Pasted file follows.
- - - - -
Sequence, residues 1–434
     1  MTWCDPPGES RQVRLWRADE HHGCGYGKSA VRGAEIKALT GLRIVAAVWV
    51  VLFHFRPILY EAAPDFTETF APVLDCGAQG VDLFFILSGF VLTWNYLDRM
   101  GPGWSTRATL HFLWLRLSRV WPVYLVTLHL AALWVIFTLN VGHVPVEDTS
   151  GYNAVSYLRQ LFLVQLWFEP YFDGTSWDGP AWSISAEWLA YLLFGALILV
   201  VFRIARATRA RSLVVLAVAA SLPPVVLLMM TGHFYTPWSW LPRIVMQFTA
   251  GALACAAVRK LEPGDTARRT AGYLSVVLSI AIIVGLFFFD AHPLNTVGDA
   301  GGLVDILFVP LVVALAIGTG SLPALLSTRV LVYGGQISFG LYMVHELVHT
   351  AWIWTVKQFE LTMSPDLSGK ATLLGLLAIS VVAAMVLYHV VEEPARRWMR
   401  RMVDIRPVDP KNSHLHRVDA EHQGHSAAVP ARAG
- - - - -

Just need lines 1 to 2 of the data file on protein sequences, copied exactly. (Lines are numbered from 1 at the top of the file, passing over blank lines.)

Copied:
Sequence, residues 1–434
     1  MTWCDPPGES RQVRLWRADE HHGCGYGKSA VRGAEIKALT GLRIVAAVWV